Objective: To investigate the timing of onset of each clinical sign in infants and children with HIV-1 perinatal infection.
Design and methods: A total of 200 HIV-1-infected children followed-up from birth were studied. Failure and conditional probabilities were estimated by the Kaplan-Meier product-limit method. Cox proportional hazard analysis was used to evaluate independently associated factors. Results of 934 seroreverters were used to calculate reference values of CD4+ cell counts and predictivity of early signs.
Results: Median age at the onset of any sign was 5.2 months (range, 0.03-56 months). The probability of remaining asymptomatic was 19% [95% confidence interval (CI), 14-25.1] at 12 months and 6.1% (95% CI, 2.6-11.7) at 5 years. Lymphadenopathy (69.5%), splenomegaly (62.4%) and hepatomegaly (58.4%) were the most common signs in the first year of life. Peculiar to the first year of life (compared with subsequent ages) was the onset of primary HIV-1 hepatitis and diarrhoea (rate ratios, 23.3 and 15.2, respectively). When CD4+ cell counts in the asymptomatic stage (age, 2 months; range, 0.03-5.9 months) were below rather than above the fifth percentile in seroreverters, onset of signs was earlier [3 range, 0.03-19) versus 5 (range, 0.03-56) months]. Children manifesting signs before the 5.2-month breakpoint had a lower survival rate [74% (range, 65.9-82%) at 12 months and 45% (range, 32.9-57%) at 5 years] than children manifesting signs later [98% (range, 92.2-100%) at 12 months and 74% (range, 60.3-87.7%) at 5 years]. Children whose birthweight was < or = 2400 g had an earlier onset (24 months; range, 1-57 months) of severe conditions than children with higher birthweight (71 months; range, 1-71 months). Development of lymphadenopathy or hepatosplenomegaly within 3 months of life were reliable indicators of infection.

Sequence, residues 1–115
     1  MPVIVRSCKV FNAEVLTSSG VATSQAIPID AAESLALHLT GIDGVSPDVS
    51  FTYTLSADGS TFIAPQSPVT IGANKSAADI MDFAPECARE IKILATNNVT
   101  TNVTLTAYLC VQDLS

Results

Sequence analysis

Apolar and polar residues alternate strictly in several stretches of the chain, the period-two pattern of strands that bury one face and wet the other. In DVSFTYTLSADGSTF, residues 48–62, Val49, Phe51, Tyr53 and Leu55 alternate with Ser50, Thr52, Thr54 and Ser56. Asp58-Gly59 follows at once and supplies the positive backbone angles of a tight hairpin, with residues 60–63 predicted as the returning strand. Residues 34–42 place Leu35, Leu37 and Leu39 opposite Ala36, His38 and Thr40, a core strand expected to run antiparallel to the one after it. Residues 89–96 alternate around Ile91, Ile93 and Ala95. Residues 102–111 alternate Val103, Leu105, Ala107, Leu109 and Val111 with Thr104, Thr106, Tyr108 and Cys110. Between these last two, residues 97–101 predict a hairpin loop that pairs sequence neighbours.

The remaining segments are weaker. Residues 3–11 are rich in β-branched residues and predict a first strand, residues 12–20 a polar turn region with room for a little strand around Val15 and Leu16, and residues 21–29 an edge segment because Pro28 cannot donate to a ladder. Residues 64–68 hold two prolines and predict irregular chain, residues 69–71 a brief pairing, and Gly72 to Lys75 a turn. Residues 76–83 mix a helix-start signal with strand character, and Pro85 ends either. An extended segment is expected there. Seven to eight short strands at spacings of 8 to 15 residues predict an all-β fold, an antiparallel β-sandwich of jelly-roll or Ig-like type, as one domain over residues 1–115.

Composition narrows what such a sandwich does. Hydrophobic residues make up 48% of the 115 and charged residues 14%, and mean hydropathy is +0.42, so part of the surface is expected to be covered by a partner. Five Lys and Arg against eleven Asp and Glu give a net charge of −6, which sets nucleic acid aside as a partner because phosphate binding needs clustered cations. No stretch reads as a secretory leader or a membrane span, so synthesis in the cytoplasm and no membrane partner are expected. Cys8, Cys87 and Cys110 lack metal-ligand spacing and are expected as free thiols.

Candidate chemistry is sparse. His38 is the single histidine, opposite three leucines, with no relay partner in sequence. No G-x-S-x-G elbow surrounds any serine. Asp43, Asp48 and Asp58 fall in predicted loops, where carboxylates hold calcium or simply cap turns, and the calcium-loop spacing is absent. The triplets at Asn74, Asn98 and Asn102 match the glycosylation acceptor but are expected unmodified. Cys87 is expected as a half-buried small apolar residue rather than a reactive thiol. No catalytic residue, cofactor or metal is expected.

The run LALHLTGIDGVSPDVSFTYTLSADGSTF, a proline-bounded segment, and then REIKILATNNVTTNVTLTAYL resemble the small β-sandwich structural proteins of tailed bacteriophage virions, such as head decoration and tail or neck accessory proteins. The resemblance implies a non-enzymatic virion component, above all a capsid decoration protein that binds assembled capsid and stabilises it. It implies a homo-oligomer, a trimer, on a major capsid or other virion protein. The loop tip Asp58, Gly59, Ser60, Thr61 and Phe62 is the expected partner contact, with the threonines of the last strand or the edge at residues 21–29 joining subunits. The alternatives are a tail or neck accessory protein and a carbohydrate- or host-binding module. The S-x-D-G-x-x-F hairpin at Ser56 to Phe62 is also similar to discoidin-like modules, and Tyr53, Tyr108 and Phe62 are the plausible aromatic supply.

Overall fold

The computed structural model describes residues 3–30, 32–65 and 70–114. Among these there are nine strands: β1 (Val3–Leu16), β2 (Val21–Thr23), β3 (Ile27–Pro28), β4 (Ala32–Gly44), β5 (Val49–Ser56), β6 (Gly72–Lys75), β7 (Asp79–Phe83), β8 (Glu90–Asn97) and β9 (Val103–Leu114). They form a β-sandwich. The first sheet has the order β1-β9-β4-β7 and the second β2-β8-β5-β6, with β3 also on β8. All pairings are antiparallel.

Conclusions: This study describes the sequence of onset of signs in perinatal HIV-1 infection. Infection is shown to progress faster than in adults and in a different manner. Low birthweight, early decreased CD4+ cell counts, and early onset of signs are predictive of rapid progression.